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Australia's Wangi WonderKid's inspirational example

by Peter McIntosh on 14 Mar 2011
Nathan surrounded by Sabot sailors who lined up for signed posters at Wangi. - Wangi wonderkid welcomed home Peter McIntosh
World 49er and Moth World Champion Nathan Outteridge’s battle back from the brink of permanent disability to experience the pinnacle of sailing achievement with world titles is a gutsy and remarkable journey on many levels.

If anything its retelling to a group of Sabot sailors at his old home club of Wangi on the western shores of Lake Macquarie in NSW Australia served as a lesson in never giving up, a characteristic that newcomers to the sport of sailing could find inspirational when they face their own lesser daunting challenges.

Asked by one of the kids what made him sail faster than others Nathan had quite a bit to say, such as the fact he never liked losing and always listened closely to his teachers and experimented to make the boat go faster .

But the most important thing, he thought, was concentration. ``It’s always about trying to think of ways to do things a bit better.’’

As special surprise guest at a Sabot the skills development camp at Wangi, Nathan managed to get the kids to concentrate as he described first his meteoric rise through the ranks as a teenager. His shocking car accident in 2005 and his courageous recovery ordeal. And his awesome achievements since then, including his most recent Moth worlds title at Belmont, on the same lake and just up the road from Wangi. Not surprisingly today the high-flying Moths remain his favourite class.

It all started back in Wangi when he was about five years old, learning to sail in a Sabot, a class he spent eight years in.

At the same time he started learning the ropes of F11s, in which he also sailed for five years. His competitive streak led him to race at State or National titles in all states except Northern Territory and in 2000 aged 13 he became the senior national Sabot champion in Yepoon, Queensland.

``Three days later I started racing in and won the F11 title and I realised I was pretty good,’’ he said, musing that while school was important his heart was set on becoming a fulltime sailor.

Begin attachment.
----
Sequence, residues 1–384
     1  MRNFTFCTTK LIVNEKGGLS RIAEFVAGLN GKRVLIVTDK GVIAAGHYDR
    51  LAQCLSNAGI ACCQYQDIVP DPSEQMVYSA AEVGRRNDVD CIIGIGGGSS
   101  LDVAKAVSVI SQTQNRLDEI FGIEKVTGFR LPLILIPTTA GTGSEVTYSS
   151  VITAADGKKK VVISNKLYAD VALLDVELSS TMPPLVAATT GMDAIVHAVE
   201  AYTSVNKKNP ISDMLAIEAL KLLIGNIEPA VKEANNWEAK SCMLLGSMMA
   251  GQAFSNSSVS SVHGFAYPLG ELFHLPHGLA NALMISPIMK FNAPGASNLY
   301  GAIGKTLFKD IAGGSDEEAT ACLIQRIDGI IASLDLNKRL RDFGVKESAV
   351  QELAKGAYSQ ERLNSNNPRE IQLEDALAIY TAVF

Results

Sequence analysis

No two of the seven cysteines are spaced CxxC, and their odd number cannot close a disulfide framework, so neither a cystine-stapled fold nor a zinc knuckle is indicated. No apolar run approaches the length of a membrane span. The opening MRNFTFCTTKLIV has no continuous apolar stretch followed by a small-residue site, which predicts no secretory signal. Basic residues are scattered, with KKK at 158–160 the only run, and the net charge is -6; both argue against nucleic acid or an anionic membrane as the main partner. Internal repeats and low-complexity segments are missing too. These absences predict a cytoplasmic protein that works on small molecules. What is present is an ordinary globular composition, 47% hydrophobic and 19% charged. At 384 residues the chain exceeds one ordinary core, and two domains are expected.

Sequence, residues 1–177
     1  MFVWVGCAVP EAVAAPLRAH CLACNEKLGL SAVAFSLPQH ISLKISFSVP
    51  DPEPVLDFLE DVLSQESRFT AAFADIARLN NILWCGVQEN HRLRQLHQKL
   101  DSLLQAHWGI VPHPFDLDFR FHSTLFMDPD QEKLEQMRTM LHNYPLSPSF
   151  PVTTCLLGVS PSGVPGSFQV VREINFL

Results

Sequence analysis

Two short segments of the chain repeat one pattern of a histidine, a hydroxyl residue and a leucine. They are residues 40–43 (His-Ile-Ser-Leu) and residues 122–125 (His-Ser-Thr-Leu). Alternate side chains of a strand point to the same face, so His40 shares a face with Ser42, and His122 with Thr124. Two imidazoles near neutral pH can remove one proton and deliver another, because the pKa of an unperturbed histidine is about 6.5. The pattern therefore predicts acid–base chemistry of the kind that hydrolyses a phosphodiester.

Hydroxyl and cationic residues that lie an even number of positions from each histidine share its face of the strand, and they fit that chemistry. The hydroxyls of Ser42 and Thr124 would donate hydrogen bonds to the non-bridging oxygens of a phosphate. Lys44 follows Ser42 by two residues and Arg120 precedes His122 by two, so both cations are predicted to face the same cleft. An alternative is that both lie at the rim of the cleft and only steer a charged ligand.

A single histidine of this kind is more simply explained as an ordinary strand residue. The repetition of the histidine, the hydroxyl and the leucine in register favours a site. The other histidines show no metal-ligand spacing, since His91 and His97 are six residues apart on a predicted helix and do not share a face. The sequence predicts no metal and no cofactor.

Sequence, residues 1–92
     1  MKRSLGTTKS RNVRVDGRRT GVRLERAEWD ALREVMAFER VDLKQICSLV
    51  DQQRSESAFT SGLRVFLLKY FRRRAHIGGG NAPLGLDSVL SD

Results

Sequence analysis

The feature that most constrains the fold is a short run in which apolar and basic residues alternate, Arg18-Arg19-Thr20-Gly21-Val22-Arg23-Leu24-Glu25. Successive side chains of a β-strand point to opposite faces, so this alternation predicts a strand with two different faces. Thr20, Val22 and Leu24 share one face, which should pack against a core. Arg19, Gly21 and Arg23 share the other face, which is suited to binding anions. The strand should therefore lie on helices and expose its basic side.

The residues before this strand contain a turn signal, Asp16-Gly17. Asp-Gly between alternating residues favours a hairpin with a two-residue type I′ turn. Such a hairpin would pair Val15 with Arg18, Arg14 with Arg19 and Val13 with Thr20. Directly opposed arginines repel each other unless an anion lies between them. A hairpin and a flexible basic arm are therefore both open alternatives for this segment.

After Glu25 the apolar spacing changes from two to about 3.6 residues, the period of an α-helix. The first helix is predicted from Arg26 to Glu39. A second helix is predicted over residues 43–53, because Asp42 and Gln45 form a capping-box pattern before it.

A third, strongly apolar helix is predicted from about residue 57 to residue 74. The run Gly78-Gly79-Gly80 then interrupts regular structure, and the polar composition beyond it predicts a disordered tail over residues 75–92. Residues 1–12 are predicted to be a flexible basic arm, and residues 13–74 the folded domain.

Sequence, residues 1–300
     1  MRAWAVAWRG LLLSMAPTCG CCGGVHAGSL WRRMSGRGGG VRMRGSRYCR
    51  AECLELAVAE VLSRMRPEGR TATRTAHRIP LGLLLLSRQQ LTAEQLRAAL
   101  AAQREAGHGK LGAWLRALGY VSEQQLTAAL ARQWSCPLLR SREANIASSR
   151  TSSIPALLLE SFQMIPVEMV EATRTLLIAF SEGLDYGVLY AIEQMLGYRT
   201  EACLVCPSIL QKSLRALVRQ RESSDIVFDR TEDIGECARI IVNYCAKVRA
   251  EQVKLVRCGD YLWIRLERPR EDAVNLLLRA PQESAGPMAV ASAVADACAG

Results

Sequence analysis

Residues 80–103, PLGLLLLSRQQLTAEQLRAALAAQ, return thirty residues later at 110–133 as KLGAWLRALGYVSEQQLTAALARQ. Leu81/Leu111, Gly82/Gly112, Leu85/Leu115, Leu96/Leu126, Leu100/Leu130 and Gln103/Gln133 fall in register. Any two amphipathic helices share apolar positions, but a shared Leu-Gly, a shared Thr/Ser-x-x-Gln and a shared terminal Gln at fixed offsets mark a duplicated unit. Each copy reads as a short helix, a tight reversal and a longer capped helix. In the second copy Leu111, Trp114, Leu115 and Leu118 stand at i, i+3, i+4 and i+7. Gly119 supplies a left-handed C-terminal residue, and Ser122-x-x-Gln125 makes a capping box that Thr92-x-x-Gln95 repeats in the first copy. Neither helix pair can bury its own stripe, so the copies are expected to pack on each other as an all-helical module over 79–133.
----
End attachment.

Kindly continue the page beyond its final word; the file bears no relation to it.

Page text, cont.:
``After the F11 I went to a 29er, the smaller version of the 49er. It’s an awesome boat, goes double the speed of the F11. You have really good racing and really good crashes.’’

This class put him on the pathway to World Youth title events and he went on to win titles in 29ers and 420s. He told the kids he loved the travel opportunities high level sailing presented such as his campaign in Canada, Portugal and Poland.

``I’m someone who likes travelling and as a professional sailor you get to do a lot, you always go to nice places on the water near the beach.’’

Nathan started to sail in 470s which are used for Olympic training and were the class in which Australia won gold in at Beijing. ``I realised I was getting a bit big so started steering a 49er and after racing for some years in Europe was selected for the Olympics where I ended up fifth overall. ``In the final I went from being in a gold medal position to fifth due to a capsize in 20knots,’’ he said.

Recalling the car accident on the way to Sail Melbourne in 2005, Nathan said he was sharing driving duties in the team car towing boats when as sole occupant he fell asleep at the wheel and ran into a tree.

Spinal damage included shattered vertebrae and by the time he was cut out of the wreckage and underwent a nine-hour operation he had lost six litres of blood. ``At one point I was completely dead and had to be resuscitated,’’ he said. The operation involved getting rid of bone fragments and inserting metal joins to make the spine work again.

He had a few kids squirming when describing it as like being opened up and having someone move some of his guts out of the way while they worked on the spine and then put it all back inside before stitching him back up again.

When he awoke visiting relatives found it amusing when he suffered hiccups after the operation but each hiccup was a little bit of torture.

He spent 10 days with no food, surviving on a drip and went from 75 kilos to 57 kilos. To allow bone healing he was placed in a brace from shoulder to hips. While initial fears were that he may never walk again, it took him a week to learn to walk again after the operation but he would wear the brace for a further three months, then spend another three months rebuilding lost muscle tissue with physio.

Eventually he recovered fully but says his spine will constantly have to be monitored to ensure there are no problems arising.



Fielding questions from the young Sabot sailors Nathan was asked what were his best experiences in sailing. He said his first world title in 49ers was right up there but he also cherished the memory of his first time sailing in a Moth.

`It’s a cross between windsurfing sailing and flying you go fast enough get the hull out of the water, you suddenly go from 6knots to 15knots in three seconds and then you have silence.’’

An exciting video of the Moth racing had plenty of kids clamouring to get mum and dad to rush out and rush out and buy one but at $25,000 that was unlikely.

Nathan’s advice was to sail all the rest of the classes first, ``by then you should be old enough to buy one yourself.’’

Nathan is now campaigning for the Olympics in London in the 49er class and that involves months of training and competition on Europe.

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